Rushton, Racism, and Common Sense

John Stevens (8859jstev@UMBSKY.CC.UMB.EDU)
Wed, 19 Oct 1994 15:45:16 EDT

I have been reading with great pleasure the various posts concerning the recent
debate over whether having a thick skull means you're a genius Well, I'm of
good irish stock, and my head's pretty big. . . that must be why I'm in college!
I have to tell you though that most of my family are possessed of roomy crania, and many of them are two steps to the left of moron I have yet to be able to
rank people I meet based on the diamete of the bone plating that keeps their
favorite chunk of gre matter safe. And brain size? All I can say is:
Neandertal!!! As several of our more erudite, scientific comrades have pointed
out, it is *very difficult* to correlate such pehnotypic traits with "intelli-
gence" And whose concept of intelligence are we using? Ogotemmeli's? Lao-
Tse's? Winnie the Pooh's?

And my hackles rise when people start talking about one singular, shining TRUTH
that will be forever true and my evidence says so, godammit! As a non-
scientific (NOT unscientific) type anthro I can't debate the fine points of
data, but i can state that what I have learned in the past day or two from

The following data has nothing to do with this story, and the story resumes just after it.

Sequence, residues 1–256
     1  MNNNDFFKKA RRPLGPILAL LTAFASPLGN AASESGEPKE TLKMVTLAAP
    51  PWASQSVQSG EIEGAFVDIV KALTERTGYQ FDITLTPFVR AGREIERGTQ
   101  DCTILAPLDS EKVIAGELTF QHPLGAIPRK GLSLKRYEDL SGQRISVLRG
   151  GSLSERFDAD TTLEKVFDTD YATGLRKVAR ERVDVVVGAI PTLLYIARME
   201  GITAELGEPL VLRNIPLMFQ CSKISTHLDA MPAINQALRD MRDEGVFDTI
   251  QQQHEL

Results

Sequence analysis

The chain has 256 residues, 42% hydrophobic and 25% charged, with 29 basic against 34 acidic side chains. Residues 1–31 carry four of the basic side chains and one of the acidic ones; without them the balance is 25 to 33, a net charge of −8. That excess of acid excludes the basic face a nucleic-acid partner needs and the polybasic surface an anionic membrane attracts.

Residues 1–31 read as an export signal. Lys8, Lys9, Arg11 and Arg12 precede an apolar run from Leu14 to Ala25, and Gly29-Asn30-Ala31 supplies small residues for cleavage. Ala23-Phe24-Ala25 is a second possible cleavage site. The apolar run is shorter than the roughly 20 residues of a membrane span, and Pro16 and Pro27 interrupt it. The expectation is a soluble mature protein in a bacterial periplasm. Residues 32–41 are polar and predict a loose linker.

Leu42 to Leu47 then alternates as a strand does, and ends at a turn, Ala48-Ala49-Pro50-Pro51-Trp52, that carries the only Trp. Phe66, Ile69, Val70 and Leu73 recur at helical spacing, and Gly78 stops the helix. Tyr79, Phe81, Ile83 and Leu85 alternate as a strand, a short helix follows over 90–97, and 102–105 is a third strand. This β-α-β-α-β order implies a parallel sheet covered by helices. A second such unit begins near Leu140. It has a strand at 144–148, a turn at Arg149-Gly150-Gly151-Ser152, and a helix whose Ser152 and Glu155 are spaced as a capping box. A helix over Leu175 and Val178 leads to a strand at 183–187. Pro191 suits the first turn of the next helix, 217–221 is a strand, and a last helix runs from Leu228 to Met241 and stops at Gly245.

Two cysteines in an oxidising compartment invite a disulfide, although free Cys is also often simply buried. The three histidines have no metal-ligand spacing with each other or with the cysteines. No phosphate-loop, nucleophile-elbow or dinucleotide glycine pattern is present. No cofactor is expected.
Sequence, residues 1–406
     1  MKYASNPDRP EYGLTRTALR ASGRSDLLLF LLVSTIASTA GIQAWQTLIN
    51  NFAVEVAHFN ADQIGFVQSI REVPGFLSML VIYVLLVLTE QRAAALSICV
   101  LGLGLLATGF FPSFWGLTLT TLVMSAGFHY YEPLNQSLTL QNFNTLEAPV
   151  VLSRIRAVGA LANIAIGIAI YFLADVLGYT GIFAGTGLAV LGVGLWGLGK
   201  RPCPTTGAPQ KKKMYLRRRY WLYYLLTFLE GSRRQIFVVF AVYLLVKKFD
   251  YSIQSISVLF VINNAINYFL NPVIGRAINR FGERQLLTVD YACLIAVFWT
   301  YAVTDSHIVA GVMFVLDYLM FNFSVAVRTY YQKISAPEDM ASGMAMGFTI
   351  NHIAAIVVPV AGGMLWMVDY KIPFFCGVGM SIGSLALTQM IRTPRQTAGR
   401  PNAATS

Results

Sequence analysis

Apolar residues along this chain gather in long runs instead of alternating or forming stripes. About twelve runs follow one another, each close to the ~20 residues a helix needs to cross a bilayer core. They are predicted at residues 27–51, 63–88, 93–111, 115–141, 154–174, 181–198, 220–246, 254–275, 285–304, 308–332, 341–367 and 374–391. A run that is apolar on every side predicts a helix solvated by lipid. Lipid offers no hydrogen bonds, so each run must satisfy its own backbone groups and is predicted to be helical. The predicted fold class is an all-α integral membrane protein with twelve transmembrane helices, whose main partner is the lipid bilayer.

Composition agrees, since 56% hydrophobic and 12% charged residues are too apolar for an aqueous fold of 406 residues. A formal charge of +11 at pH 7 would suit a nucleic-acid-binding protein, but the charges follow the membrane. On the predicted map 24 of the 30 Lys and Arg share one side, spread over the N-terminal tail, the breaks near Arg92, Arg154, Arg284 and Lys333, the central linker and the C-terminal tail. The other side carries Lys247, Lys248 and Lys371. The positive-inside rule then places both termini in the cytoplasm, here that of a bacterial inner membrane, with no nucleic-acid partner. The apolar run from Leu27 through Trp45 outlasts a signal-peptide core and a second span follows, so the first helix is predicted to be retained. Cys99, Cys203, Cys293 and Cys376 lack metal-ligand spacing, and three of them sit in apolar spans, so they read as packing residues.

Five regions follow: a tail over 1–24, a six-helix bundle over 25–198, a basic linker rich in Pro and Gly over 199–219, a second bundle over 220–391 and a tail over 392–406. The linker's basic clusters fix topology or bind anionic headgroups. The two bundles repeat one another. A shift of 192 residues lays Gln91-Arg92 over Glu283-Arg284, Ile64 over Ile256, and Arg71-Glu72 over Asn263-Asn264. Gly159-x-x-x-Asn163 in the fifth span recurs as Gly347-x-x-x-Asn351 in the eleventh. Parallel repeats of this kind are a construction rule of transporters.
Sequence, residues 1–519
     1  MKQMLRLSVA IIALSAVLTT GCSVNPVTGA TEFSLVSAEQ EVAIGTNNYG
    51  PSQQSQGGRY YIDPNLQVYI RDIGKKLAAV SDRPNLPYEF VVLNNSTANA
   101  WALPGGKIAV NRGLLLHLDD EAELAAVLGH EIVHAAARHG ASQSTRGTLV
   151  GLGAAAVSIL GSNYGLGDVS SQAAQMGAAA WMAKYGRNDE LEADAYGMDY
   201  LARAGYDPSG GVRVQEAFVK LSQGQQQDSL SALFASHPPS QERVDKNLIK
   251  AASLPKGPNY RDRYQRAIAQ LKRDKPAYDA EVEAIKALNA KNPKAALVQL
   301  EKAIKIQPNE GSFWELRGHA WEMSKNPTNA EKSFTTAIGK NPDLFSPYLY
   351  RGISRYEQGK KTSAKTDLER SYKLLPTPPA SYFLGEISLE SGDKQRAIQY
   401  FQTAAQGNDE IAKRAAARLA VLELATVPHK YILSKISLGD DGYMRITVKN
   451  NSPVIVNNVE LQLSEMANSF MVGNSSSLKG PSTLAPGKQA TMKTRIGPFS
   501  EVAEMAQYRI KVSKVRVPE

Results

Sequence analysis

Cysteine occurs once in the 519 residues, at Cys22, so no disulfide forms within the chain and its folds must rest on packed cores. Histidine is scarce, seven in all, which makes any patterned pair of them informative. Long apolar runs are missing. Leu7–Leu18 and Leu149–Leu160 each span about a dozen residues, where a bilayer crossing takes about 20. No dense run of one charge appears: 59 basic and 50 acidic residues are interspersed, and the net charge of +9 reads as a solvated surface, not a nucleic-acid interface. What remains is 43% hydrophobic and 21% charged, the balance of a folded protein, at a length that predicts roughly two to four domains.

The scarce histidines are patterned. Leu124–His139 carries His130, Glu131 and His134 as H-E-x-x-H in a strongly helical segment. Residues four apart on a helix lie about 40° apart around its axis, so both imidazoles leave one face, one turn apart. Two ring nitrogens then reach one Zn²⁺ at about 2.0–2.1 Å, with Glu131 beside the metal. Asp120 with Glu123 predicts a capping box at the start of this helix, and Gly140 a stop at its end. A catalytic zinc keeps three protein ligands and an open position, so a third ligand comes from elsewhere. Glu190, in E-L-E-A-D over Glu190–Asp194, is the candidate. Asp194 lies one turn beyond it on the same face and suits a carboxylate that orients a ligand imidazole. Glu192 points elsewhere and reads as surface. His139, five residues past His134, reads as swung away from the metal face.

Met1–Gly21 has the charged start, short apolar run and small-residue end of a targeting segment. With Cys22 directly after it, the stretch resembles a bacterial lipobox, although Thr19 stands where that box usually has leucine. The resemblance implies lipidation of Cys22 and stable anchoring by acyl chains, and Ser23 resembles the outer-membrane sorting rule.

this list makes me realize that, just like humanists, scientists *must*
constantly refine and question their hypotheses; even, as one discussant put
it, the ones we like. We may not be able to a priori say that phenotypes have
absolutely zero correlation to cognitive functions, we can say that that is but
one of many factors that must be calculated into any attempt to discuss such
basically subjective issues as how smart someone is.

Also, can someonetell me why we *NEED* a "strong causal, evolutionary hypo-
thesis" (a la Mr. Carroll) that oh just coincidentally places Northern Euros
at the apex of the intelligence pyramid? Dump that white boy into an un-
familiar land and see what kind of "intelligence" he possesses! Aren't
cultural knowledge, learning potential, empathy, and plain old gut instinct
just as important as some three digit number that purports to quantify the
sum total of a person's experiences, memory, and talents?

I dunno; maybe I'm just of those dissolute, irrational, cranky, and methodo-
logically faulty humanists who can't see the TRUTH!

In the spirit of healthy discourse,

John Stevens
University of Massachusetts at Boston